Compliance Strategies

There are a number of different strategies that can be utilized to comply with existing or upcoming P NPDES permit limits.  Depending on current discharge levels, current treatment system, and budget, an effective strategy can be determined. With new P requirements, many industrial and municipal wastewater treatment plants are reviewing their systems to improve their ability to meet these new requirements to avoid regulatory implications. As noted above, regulations vary state to state, so it is important to be aware of your state’s requirements. The financial penalties for not being compliant with an NPDES permit limit are dependent on the infraction, but most of the regulating bodies have set up a system to assist in becoming compliant. A compliance schedule is typically used to effectively phase-in the changes. For new P limits, the regulating agency will often encourage the discharger to determine what the current P levels are and then assess the removal effectiveness and capabilities of the existing system. Next, the schedule typically allows for an evaluation of alternatives for how the permittee will ultimately comply with the new regulations.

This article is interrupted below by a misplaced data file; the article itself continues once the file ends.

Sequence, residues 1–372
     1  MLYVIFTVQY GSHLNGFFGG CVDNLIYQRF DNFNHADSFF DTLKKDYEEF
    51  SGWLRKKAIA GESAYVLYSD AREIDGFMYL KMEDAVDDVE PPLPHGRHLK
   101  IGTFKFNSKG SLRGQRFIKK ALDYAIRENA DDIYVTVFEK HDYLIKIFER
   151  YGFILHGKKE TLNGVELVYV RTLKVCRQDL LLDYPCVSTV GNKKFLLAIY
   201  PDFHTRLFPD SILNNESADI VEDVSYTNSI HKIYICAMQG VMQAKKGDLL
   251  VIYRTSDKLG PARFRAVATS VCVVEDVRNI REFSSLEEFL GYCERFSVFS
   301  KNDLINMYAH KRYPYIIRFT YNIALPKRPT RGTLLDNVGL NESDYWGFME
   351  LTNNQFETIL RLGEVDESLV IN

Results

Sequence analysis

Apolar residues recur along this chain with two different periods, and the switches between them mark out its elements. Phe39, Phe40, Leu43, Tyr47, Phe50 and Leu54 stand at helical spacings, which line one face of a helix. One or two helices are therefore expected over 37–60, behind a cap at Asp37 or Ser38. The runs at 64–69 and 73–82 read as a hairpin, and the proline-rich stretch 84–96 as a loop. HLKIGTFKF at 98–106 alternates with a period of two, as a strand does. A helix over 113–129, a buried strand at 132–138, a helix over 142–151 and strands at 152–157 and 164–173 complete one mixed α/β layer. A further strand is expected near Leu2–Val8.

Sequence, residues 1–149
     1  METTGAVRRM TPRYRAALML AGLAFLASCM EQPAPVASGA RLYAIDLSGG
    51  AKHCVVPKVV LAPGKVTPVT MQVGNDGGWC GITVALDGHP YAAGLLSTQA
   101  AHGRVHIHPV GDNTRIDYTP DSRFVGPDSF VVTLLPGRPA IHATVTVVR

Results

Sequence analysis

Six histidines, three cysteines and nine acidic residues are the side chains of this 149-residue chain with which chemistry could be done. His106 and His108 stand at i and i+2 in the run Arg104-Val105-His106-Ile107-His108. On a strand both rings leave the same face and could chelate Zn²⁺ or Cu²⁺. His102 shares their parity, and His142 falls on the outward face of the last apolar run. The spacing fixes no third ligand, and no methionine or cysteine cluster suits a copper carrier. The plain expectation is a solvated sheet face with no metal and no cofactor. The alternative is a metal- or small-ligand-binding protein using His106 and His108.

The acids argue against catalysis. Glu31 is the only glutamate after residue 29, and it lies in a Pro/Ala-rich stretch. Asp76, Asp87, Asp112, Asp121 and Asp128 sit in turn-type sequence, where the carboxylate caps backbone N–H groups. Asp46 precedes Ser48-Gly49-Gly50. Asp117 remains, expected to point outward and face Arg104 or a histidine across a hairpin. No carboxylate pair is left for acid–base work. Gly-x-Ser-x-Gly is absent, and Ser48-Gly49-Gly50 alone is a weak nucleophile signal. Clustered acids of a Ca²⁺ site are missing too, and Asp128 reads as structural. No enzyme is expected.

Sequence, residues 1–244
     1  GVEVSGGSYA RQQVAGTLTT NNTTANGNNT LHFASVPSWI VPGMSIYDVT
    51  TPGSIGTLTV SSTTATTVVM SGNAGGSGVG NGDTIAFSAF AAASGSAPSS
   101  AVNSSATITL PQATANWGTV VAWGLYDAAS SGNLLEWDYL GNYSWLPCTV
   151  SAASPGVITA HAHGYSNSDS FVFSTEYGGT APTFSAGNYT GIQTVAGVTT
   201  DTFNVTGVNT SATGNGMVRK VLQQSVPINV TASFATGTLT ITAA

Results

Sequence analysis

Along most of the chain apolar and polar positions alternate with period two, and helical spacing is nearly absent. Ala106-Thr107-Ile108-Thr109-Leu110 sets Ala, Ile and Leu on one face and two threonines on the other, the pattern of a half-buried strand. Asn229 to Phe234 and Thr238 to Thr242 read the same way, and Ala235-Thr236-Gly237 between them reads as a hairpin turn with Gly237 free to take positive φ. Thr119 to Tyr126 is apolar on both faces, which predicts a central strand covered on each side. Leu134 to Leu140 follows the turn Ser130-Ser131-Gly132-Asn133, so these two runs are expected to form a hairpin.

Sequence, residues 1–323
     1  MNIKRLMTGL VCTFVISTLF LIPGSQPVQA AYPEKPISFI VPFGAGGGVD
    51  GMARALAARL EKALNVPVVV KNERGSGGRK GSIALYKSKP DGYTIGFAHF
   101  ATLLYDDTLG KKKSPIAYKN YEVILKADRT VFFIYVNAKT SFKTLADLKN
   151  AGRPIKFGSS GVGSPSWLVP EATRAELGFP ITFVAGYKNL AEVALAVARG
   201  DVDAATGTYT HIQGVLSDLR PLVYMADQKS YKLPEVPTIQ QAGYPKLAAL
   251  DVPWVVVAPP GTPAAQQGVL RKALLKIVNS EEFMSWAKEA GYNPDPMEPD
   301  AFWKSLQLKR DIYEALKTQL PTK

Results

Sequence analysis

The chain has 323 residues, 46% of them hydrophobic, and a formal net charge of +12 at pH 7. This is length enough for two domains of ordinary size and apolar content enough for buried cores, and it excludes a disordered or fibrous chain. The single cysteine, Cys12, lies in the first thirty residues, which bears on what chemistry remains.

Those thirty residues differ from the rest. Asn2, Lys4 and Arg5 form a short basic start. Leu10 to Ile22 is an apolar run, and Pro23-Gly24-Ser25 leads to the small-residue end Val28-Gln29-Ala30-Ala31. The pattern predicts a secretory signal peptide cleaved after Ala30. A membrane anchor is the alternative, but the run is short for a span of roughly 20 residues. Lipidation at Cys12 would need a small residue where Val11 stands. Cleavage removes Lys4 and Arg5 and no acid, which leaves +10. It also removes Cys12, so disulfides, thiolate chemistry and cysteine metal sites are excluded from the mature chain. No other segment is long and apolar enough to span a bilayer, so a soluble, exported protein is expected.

The different strategies to meet P limits vary in complexity and budget. For example, wastewater dischargers that are targeting an effluent P concentration of 1 mg/L (Iowa and Illinois) will likely be evaluating Chemical Phosphorus Removal (CPR) or Biological Phosphorus Removal (BPR). However, dischargers that are targeting an effluent P concentration of 0.1 mg/L or less (Wisconsin) will likely be coupling CPR or BPR with an additional treatment process or strategy. Some examples of advanced treatment processes to achieve an effluent P concentration of less than 0.1 mg/L include reactive sand filters, cloth media filters, ballasted settling, and membrane filtration.